Coping with Embarrassment and Social Isolation
Reviewed by: HU Medical Review Board | Last reviewed: October 2017 | Last updated: April 2022
It is not uncommon for men with prostate cancer to experience feelings of embarrassment or social isolation during, and even after, their cancer battle. Not every man with prostate cancer will experience these feelings, and even for those who do, the extent of these feelings and need to take action on them will vary from person to person. However, if you’re experiencing feelings of embarrassment or social isolation that impact your quality of life or lead you to experience feelings of depression or anxiety, seek medical attention as soon as possible.
Struggling with embarrassment or social isolation?
Men with prostate cancer may experience feelings of embarrassment or social isolation for a variety of reasons. For example, a man battling cancer may feel isolated from his “healthy” friends and family while he is worrying about his prognosis or next treatment decision. Additionally, men who have received treatment for prostate cancer and are experiencing negative quality of life-impacting side effects may experience these emotions. For example, side-effects such as urinary incontinence or bowel problems may make a man wary of going out in public or participating in the activities he enjoys in fear of finding himself in an embarrassing situation. Also, sexual dysfunction as a result of prostate cancer treatment may impact a man’s perception of his masculinity and self-worth. These feelings may make him feel less-than, and lead him to avoid social interactions or intimacy he may have once enjoyed.
Further, feelings of depression or anxiety related to treatment or the cancer battle, in general, may make a man want to avoid others or feel lonely. Men may even feel socially isolated if they spent the past several months surrounded by doctors, nurses, or other healthcare professionals and their regular or frequent treatment is now over. One other source of embarrassment or social isolation may come from the diagnosis of reproductive system-related cancer. Some men may feel like those who are uninformed about prostate cancer and its causes may relate their struggle to a sexually transmitted disease or that it is a result of risky sexual activity. It is important to note (and inform others when necessary) that prostate cancer is not related to sexual behaviors or sexually transmitted diseases.1-3
The causes of embarrassment or feelings of social isolation in men with prostate cancer can vary greatly from person to person. However, no matter what leads you to experience these feelings, it is important to take note if they are impacting your quality of life or are leading to feelings of depression or anxiety. If these issues occur, seek medical attention immediately.
Combatting feelings of embarrassment or social isolation
Despite being common for men with prostate cancer, experiencing feelings of embarrassment or social isolation can be debilitating and frustrating at times. Because of this, it’s common for men to avoid talking about these struggles with their doctors, partners, or families. By not talking about these issues, these feelings may build up, and lead to significant impacts on a man’s overall wellbeing, including leading to depression or anxiety. For this reason, if you are struggling, it is critical to talk with your doctor about potential treatment options that may be right for you, or for specific tips on how to manage what is going on. How much you share about your feelings of embarrassment or social isolation, and who you share with, is completely up to you, however, enlisting the support of friends, family, spouses, partners, or close confidants may help ease the burden and ensure you that you know you are not alone.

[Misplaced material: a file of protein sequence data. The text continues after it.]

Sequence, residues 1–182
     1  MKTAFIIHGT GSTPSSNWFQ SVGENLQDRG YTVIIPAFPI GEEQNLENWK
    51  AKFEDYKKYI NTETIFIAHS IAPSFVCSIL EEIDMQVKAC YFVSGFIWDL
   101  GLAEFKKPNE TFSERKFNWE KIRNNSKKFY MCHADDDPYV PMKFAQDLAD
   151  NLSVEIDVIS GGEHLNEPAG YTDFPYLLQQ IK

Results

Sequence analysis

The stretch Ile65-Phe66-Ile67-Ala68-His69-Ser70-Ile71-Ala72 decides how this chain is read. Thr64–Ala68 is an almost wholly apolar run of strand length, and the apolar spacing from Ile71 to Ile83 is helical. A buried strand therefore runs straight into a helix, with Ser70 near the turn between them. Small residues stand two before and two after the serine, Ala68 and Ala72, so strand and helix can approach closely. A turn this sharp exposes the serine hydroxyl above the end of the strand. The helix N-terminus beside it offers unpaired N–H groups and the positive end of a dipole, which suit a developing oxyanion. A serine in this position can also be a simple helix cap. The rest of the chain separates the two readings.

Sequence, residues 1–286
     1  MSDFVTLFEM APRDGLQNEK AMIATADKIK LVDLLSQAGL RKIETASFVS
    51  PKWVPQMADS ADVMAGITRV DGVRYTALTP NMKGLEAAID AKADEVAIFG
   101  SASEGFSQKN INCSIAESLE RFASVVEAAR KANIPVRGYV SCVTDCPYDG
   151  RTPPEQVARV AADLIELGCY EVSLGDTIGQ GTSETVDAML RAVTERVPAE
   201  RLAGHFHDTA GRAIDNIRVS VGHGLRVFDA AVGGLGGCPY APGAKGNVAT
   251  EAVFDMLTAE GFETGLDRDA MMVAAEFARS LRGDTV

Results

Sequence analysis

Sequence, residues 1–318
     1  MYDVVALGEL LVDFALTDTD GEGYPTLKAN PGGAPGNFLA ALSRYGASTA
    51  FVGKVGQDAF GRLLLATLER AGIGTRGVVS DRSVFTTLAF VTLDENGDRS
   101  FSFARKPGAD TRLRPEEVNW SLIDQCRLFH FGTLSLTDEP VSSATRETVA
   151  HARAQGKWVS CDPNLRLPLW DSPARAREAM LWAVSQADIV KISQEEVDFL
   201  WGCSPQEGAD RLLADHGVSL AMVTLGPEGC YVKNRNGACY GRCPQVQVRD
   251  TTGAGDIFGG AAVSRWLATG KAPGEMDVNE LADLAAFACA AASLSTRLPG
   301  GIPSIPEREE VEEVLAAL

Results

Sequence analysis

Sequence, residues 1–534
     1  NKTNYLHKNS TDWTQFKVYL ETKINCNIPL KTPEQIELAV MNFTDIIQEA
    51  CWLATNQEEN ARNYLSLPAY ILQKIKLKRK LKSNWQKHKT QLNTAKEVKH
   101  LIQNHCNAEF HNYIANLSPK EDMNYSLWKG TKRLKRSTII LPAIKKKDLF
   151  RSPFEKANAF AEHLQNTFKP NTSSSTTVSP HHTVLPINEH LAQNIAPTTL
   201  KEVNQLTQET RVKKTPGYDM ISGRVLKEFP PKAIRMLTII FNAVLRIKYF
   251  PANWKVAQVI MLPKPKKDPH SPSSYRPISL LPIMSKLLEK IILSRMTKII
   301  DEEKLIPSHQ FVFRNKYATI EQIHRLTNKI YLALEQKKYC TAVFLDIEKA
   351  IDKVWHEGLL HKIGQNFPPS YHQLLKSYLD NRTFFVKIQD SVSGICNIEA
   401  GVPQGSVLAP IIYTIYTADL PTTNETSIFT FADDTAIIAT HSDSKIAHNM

Once you have communicated these feelings to your healthcare team or support system, there are several ways you can combat them. For example, your healthcare team may refer you to local in-person support groups with individuals who are struggling either with prostate cancer or similar prostate cancer-related symptoms. In joining these groups, individuals can share stories, tips, and support to make coping with these issues less overwhelming. If you are not ready to join an in-person support group, there are many online groups and communities (like ours) that can help you find the support you seek without having to leave the house until you’re ready. Additionally, once you open up to friends or family about the feelings you’re experiencing, they may help you find ways to reconnect with others or provide you with extra support (both emotionally or physically if you need assistance with prostate cancer-related symptoms while out in public).
Also, if there are specific symptoms that are keeping you from leaving your home or are causing significant feelings of embarrassment, such as urinary incontinence, bowel problems, or sexual dysfunction, your doctor may be able to provide you with recommendations to manage these issues if you share your struggles with them. They may also be able to refer you to counselors or therapists if need be. How you choose to manage feelings of embarrassment or social isolation is up to you, however, enlisting the support of others and communicating your frustrations is a great place to start.1,2